I-Team special report: When Moments Matter

I-Team special report: When Moments Matt

CATHEDRAL CITY, Calif.- - When you call 911, there are certain expectations.  The call is answered quickly.  Help is sent immediately. And, if necessary, the operator stays on the line and gives some medical advice. 

A Cathedral City couple reached out to News Channel 3's I-team reporter Karen Devine after they say the treatment they received from a 911 dispatcher left them stunned and concerned for their community.

"My mom was in my arms she couldn't breathe and I couldn't help her and I felt helpless," says Joan Goldman. 

She and her husband Mark say the last moments of their love one's life turned more frantic and chaotic after calling 911 for help.

In the first of four calls to 911in the early morning of November 14, 2018, Mark Goldman expressed his concern for his mother-in-law telling the 911 operator she was having trouble breathing.  Goldman felt the dispatcher was short and quick to get off the phone. 

"I thought maybe she would ask me what type of breathing or you know, is she having chest pains, anything, you know it was just "we're on our way," said Goldman. 

As Joan's 91 year old mother was gasping for air,  Mark made a second call to 911 asking how long it was going to take for help to get there.  Again, Mark said the woman on the other end of the line was rude and quick to get off the phone. 

The third call was made by Joan and she didn't hold back, wanting to know why she wasn't getting medical advice to help save her mother.  The dispatcher said she is not allowed to give medical advice and help was on the way. 

"The last moments of my mother's life with me, I should have been telling her I love her, not arguing with the lady on the 911 call."

A fourth call to 911 was logged but there was no audio on the file. 

I-team reporter Karen Devine sat down with Cathedral City's Interim Police Chief Anthony Yoakum to find out what the protocol is inside the City's dispatch center. 

"We're the busiest in the Valley here, the call volume that we handle are more than other agencies around us.  And, we not only cover Cathedral City police we handle Desert hot Springs police and our Fire department," says Yoakum. 

Karen Devine brought the concerns directly to 
Cathedral City's Interim Police Chief Anthony Yoakum and the Fire Chief Paul Wilson.

While they wouldn't comment on the Goldman's case, they both told Devine the 911 operator is not required to stay on the line until help arrives and medical advice is not given over the phone. But, that's about to change.

"The state has required that any department that dispatches medical personnel or resources to a call that by 2022 you'll have the training and equipment that you need to be able to stay on the phone with that person and give them medical advice," says Yoakum.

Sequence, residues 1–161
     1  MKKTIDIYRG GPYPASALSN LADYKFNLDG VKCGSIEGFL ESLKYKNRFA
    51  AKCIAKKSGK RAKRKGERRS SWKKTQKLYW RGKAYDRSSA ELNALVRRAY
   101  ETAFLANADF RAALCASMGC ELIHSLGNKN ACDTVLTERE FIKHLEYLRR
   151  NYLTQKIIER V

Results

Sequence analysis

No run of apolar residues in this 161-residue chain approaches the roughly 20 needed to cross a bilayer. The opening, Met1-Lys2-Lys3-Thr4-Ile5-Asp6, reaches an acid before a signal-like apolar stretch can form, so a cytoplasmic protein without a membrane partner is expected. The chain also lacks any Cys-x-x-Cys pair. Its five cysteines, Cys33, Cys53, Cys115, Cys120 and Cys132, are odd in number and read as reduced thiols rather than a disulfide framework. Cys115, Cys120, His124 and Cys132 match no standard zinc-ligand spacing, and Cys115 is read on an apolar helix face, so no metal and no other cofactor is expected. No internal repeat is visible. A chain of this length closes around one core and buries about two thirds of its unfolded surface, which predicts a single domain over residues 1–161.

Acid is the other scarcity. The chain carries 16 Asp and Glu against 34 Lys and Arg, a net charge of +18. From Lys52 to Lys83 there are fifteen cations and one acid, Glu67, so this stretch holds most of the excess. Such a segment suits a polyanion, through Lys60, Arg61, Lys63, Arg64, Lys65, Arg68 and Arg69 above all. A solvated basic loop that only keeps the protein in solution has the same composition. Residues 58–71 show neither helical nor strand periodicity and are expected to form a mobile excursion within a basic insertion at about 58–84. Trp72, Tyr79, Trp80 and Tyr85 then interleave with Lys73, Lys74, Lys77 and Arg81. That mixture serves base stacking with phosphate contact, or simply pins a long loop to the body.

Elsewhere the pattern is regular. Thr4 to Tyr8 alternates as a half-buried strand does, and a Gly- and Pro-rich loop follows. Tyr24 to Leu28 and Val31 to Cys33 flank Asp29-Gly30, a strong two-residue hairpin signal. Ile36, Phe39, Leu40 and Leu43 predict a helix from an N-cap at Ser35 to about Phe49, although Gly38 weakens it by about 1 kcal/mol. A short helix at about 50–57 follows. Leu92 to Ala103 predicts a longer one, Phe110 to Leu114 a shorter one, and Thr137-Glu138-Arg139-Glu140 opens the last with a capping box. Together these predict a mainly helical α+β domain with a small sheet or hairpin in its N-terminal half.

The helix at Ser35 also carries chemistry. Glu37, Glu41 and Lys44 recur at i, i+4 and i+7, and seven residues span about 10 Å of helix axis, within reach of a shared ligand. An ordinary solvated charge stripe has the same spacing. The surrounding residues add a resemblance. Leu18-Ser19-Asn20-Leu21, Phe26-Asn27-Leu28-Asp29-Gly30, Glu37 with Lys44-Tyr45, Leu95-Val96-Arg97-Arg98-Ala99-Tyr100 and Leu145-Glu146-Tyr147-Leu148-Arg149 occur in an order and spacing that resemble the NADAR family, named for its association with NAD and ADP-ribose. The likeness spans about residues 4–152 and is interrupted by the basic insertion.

Yoakum says they're hoping to move that timeline up, shooting for December 2020. The City Council just approved a new computer system with updated software last wednesday.

They're hoping to get it up and running along with more training in the next 18 months.  That will also include an increase in staffing, eventually.   Right now there are only three people taking calls at any given time.

"They're just to the point that their staffing is so constrained they almost can't take breaks or lunches because it only leaves two so we really want to improve that so that it's running more functional," says Cathedral City's Fire Chief, Paul Wilson.

Inadequate Staffing is just one of the concerning findings of an independent study that evaluated the emergency communications center in January. 

Also found was a need to update training programs and a need to upgrade computer aided dispatch and records management systems. 

And, while dispatchers met state recommended standards of answering 95% of 911 calls within 15 seconds, the City should implement a wellness program to address stress-related issues dispatchers endure.

The study was presented to the City Council by the Police Department. 

Interim Chief Yoakum gave Devine a tour inside the Dispatch Center to explain how they handle nearly two hundred thousand calls a year. 

"The dispatchers helped pick out the new equipment to help do their jobs more efficiently, says Yoakum."  

"What we'd like to get to, we'd like to get to where we have a dedicated 911 call taker that only takes 911 calls and then have police and fire dispatchers which can give appropriate dispatch information and pre arrival instructions," say Cathedral City Fire Chief, Paul Wilson.

The Goldmans still mourn but are hopeful. Devine asked if they blame the 911 operator for the death of Joan's mother. 

"No, absolutely not, I don't blame anybody for my mom's death she was 91, she lived a wonderful life, it could have been a much more peaceful way to let her go if I had someone on the other line with a little more compassion." 

In researching the response time by fire and paramedics that November morning, help arrived at the Goldman's just over 9 minutes from the time of the first 911 call. No one is disputing that they got there fast enough and did everything they could to save a life.

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